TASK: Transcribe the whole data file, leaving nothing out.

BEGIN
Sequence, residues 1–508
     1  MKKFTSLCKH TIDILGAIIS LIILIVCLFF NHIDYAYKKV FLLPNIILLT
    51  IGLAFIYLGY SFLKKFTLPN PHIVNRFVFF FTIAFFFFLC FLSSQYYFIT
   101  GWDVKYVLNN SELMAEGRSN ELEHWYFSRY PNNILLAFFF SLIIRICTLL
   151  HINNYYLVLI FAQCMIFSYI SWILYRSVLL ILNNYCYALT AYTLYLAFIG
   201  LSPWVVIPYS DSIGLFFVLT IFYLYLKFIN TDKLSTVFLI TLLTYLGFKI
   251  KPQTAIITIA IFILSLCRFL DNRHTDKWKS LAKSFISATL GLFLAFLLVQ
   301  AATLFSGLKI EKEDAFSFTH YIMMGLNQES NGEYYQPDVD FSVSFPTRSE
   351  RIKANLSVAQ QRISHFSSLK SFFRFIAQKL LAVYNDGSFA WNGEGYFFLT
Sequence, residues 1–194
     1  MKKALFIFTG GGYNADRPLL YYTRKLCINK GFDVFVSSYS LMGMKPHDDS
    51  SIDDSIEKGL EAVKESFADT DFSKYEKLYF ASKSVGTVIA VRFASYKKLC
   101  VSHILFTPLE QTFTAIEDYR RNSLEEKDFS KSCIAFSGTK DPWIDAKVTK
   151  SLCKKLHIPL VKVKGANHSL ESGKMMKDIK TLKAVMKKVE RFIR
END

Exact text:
Sequence, residues 1–508
     1  MKKFTSLCKH TIDILGAIIS LIILIVCLFF NHIDYAYKKV FLLPNIILLT
    51  IGLAFIYLGY SFLKKFTLPN PHIVNRFVFF FTIAFFFFLC FLSSQYYFIT
   101  GWDVKYVLNN SELMAEGRSN ELEHWYFSRY PNNILLAFFF SLIIRICTLL
   151  HINNYYLVLI FAQCMIFSYI SWILYRSVLL ILNNYCYALT AYTLYLAFIG
   201  LSPWVVIPYS DSIGLFFVLT IFYLYLKFIN TDKLSTVFLI TLLTYLGFKI
   251  KPQTAIITIA IFILSLCRFL DNRHTDKWKS LAKSFISATL GLFLAFLLVQ
   301  AATLFSGLKI EKEDAFSFTH YIMMGLNQES NGEYYQPDVD FSVSFPTRSE
   351  RIKANLSVAQ QRISHFSSLK SFFRFIAQKL LAVYNDGSFA WNGEGYFFLT
Sequence, residues 1–194
     1  MKKALFIFTG GGYNADRPLL YYTRKLCINK GFDVFVSSYS LMGMKPHDDS
    51  SIDDSIEKGL EAVKESFADT DFSKYEKLYF ASKSVGTVIA VRFASYKKLC
   101  VSHILFTPLE QTFTAIEDYR RNSLEEKDFS KSCIAFSGTK DPWIDAKVTK
   151  SLCKKLHIPL VKVKGANHSL ESGKMMKDIK TLKAVMKKVE RFIR